You might be content to merely identify this DNA match and move on. Not so your author. It is my choice to now add these relatives in the appropriate place in my tree. I will also digress to enhance the profiles for these relatives by utilizing the Search tool or any hints that are applicable provided by Ancestry.
This particular set of grandparents offers a gold mine of information. It was my choice to go back to the first screen and check Thru Lines for more relatives. In this case I recognize a number of names I've previously seen in my DNA match list. Depending upon my frame of mind and amount of time available, I decide whether or not to add these relatives and their lines of descent to my tree.
This obsession with fleshing out my tree yields its own benefits. And also takes time to do properly. It becomes immediately apparent as I run through the various DNA matches linked to these ancestors, that I have previously added some of the relatives whose names now appear.
However, for some of the names now appearing, I am offered the opportunity by Ancestry to Evaluate each person before adding them to my tree. Clicking the hyperlink to Evaluate, displays the information Ancestry has used to suggest the line of descent. The next screen appearing for me reveals some two dozen or more trees that indicate the validity of the ancestral line. I can take the time to look at each tree, evaluate the data, or look for a well-documented tree among the list and check that out. I will, of course, always do my own research to verify the accuracy and appropriateness of adding one of these people to my tree.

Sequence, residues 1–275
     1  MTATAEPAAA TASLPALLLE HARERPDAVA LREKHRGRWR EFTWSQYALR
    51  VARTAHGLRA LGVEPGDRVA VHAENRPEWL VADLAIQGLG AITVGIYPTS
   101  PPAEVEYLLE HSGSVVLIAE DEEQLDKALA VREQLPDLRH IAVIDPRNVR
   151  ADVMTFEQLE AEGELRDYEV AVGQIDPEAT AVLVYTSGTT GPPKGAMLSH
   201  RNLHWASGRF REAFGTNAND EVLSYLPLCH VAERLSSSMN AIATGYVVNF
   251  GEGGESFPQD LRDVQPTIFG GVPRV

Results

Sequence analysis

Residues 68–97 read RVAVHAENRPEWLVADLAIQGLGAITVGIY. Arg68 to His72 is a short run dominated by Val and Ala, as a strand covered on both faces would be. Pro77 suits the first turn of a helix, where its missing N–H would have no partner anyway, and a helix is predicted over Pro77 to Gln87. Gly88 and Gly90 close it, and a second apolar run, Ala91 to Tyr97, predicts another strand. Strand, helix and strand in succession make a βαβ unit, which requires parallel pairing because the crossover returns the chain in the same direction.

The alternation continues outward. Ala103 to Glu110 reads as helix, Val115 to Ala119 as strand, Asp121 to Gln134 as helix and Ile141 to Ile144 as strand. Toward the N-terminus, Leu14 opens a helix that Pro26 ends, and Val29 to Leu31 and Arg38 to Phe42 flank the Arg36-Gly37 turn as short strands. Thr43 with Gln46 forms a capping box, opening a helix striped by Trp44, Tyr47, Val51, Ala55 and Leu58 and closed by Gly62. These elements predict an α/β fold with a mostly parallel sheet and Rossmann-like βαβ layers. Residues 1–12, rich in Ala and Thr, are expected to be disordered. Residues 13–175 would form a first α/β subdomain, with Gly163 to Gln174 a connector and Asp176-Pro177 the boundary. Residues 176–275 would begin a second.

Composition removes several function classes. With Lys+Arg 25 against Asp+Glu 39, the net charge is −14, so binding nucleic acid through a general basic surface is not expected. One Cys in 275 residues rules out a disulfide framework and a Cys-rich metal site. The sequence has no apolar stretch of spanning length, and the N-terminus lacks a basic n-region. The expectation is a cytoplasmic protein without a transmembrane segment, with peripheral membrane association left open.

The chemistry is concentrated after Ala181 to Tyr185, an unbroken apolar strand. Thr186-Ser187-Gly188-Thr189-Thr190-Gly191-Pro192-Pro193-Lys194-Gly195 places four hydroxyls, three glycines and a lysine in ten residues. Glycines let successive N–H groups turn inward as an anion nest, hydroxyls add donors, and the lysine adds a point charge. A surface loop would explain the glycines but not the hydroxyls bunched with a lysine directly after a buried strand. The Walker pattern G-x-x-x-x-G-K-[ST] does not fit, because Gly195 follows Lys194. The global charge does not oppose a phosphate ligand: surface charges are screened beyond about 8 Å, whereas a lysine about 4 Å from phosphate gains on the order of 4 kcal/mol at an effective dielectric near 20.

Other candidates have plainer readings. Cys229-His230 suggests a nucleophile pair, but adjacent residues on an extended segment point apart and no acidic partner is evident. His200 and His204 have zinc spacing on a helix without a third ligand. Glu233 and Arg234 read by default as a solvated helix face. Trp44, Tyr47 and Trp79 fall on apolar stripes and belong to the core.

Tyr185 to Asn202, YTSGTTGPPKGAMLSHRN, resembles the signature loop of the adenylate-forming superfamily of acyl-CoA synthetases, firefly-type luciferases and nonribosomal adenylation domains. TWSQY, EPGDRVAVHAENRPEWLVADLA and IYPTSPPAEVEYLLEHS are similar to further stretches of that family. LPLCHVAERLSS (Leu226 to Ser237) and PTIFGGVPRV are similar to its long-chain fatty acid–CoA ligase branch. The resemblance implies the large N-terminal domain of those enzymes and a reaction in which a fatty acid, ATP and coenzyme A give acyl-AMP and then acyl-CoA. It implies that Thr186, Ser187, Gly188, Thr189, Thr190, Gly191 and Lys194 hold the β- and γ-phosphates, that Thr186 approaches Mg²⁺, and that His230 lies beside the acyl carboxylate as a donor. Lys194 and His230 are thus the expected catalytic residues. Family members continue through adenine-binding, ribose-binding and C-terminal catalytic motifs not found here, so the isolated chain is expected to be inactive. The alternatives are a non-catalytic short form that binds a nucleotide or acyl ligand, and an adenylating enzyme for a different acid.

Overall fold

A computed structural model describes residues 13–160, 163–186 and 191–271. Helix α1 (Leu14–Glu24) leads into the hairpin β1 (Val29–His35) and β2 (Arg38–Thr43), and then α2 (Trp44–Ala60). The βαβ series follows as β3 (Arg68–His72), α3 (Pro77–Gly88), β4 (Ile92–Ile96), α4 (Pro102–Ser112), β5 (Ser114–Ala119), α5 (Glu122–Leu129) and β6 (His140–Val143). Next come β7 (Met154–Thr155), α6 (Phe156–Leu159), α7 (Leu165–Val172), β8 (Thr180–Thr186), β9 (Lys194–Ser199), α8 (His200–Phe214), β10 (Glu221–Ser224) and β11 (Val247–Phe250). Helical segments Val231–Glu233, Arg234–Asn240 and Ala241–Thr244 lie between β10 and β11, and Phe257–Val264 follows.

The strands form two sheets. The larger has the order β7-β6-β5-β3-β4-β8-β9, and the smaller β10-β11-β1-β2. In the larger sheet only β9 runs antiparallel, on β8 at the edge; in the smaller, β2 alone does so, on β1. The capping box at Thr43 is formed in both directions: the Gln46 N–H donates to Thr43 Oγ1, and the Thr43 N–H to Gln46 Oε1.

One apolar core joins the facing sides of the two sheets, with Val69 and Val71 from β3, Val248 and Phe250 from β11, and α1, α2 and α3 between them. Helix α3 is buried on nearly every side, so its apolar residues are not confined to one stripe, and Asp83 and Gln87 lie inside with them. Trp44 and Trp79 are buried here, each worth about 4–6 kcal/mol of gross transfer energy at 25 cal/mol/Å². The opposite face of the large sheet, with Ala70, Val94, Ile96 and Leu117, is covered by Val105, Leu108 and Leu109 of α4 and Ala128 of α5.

More than likely, I will take my usual route and go to the profile for the person in the list I know has already been added to my tree. I will then work with the information provided for the most probable line of descent, temporarily adding the name and then documenting to my satisfaction before deciding to make this person a permanent member of my tree.
In this case, I choose to add the name of the daughter who was not previously made a part of this line. In order to quickly access the parent, Ancestry has made it easy. I merely click on the square immediately above the name requiring evaluation. This links me to the profile for that parent. When I add the name of the daughter suggested by Thru Lines, after a very brief moment Ancestry offers 15 hints. I can now review those documents to confirm facts and Vital Information for this person. I would suggest first looking for birth validation or Census records that show the new name with those names already in the tree. This should provide me with a date and place of birth to guide further research.